“This is the biggest disconnect between this process and what’s going on in the real world that I’ve seen. You have the science crystal-clear on where we need to go. You have the youth and others stepping up around the world in the streets pressing for action. It’s like we’re in a sealed vacuum chamber in here, and no one is perceiving what is happening out there — what the science says and what people are demanding.“
Karen Nansen, chairperson of Friends of the Earth International added,
“People in Madrid, Santiago, and around the world are rising up and will continue to fight for environmental, social, gender, and economic justice and system change. We will continue to demand that governments be accountable to people, not to corporate polluters.“
COP 26, to be held next fall in Glasgow, Scotland, presents what could be one last chance for the UNFCCC to get it right.
Two days after COP 25 finally closed without coming anywhere near the “Action” it was supposed to have been “Time For” and amid a rather commonplace set of late fall/early winter weather events back in northwestern California—an intense neighborhood dispute in rural Humboldt County over wind power and corporate control came to a head.
An aggressive power-producing outfit, Terra Gen—the biggest producers of wind power in California—had come to Humboldt a little less than two years earlier. They came with the idea of convincing the community to allow them to erect 47 or more 600 ft-tall wind generators. Such enterprise would allow the county, currently powered by relatively modern natural gas generators, to produce a third or more of the electricity they used in their homes and businesses.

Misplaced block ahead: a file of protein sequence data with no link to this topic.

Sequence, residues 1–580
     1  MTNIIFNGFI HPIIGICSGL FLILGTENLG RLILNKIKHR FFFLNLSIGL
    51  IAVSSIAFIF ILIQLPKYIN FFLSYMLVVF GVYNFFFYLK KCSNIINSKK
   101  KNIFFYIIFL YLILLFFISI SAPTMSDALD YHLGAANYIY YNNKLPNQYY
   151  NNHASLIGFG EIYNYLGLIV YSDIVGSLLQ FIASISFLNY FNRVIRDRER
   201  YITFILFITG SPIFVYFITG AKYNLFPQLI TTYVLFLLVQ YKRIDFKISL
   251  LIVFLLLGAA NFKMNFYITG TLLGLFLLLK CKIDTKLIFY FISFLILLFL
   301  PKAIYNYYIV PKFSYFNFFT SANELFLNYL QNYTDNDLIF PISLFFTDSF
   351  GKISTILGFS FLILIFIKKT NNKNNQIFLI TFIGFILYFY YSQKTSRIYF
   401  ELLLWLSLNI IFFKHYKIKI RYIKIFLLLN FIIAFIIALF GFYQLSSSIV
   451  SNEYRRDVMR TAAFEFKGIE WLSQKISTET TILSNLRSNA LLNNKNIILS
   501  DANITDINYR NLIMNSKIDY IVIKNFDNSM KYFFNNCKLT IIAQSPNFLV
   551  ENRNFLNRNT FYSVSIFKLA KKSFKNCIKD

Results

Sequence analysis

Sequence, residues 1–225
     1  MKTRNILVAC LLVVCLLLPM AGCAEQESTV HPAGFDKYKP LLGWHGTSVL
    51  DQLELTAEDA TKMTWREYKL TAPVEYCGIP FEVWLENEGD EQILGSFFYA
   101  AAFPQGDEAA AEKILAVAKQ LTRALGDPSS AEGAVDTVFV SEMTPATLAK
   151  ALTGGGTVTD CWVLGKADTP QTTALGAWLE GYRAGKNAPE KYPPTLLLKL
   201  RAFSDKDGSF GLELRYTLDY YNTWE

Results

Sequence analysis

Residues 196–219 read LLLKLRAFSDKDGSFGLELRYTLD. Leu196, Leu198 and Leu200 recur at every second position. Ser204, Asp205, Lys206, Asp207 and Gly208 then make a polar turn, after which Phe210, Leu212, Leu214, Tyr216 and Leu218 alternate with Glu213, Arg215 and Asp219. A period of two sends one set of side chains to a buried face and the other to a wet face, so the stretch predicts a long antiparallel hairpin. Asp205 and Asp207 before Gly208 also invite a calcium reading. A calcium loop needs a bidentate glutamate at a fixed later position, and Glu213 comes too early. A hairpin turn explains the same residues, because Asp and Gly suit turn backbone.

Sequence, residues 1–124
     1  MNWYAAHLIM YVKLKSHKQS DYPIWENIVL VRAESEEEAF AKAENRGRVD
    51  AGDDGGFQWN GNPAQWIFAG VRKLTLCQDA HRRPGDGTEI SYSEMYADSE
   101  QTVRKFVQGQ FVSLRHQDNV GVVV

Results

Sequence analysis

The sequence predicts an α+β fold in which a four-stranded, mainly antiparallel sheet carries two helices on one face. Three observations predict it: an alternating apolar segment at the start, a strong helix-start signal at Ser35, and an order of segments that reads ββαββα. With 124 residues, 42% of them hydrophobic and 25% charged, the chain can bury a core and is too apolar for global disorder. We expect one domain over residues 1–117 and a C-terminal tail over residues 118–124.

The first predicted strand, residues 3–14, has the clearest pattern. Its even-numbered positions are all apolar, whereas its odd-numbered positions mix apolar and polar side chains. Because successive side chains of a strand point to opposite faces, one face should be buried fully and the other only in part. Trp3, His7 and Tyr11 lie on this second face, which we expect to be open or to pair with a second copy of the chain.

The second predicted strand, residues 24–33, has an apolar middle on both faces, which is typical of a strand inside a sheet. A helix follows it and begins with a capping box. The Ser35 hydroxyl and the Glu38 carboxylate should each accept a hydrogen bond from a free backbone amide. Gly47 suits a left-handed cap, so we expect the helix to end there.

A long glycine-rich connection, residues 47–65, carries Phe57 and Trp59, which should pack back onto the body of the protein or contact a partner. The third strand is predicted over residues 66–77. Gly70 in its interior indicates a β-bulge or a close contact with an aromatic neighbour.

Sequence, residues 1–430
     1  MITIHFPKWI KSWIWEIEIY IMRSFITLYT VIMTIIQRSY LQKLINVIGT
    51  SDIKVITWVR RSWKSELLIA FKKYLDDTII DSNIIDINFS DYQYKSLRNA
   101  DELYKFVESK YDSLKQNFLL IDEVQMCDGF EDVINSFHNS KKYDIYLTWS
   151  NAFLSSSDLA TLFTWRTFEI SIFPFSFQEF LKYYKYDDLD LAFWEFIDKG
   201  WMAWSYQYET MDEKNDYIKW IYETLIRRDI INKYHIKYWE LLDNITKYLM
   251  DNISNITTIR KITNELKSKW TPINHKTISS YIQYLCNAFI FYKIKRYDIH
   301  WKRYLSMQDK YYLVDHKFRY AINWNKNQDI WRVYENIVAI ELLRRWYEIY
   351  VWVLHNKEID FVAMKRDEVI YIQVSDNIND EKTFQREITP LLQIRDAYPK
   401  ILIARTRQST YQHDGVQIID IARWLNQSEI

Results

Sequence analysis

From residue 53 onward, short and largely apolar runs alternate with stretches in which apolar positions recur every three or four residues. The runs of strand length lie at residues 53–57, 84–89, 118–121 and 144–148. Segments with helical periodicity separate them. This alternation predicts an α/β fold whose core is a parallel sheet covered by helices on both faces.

Despite the enormity of the construction and the extent of the disturbance that it would require, the project had found considerable favor among the local community.
The problem to be solved, though was that the ideal locations for producing so much power from the wind just happened to be on top of two of the most perfect natural ‘hotspots’ along the California coast, Bear River and Monument Ridges. Not only were these ridges exquisitely beautifully and crucially important ecologically, they were also culturally sacrosanct to the Wiyot Band of the Rohnerville Rancheria, a Humboldt tribe that had just won back another sacred place, an island in Humboldt Bay where the greatest historic massacre in Humboldt had been committed against the Wiyot in 1860.
A completely unpredicted 4 to 1 vote by the Humboldt County Board of Supervisors closed the gate on Terra Gen, a company deeply invested in fossil fuel power as well as wind, and closed the door on the industrialization of one of the most powerful natural places—Monument and Bear River Ridges, that remain largely undisturbed along the west coast of California. The voice of the people of Humboldt and Northern California, at least, were not to be suppressed even in the name of clean energy which turned out not to be so ‘clean’ in its impact on land and community.
In the long run it was the tribal mandate of the Wiyot—backed by some elements of the environmental community—that determined the outcome. Many even in the environmental community were angry. They felt that the urgent need for clean energy outweighed the ecological and cultural considerations. Many others felt the supervisors’ decision marked a victory of biodiversity over energetics, biology over geo-engineering, survival of many species over prospering of humans alone. Now an ultimatum to replace the electric power the wind would have bought is pressing our community forward. The demand for the solarization of California’s North Coast proceeds apace.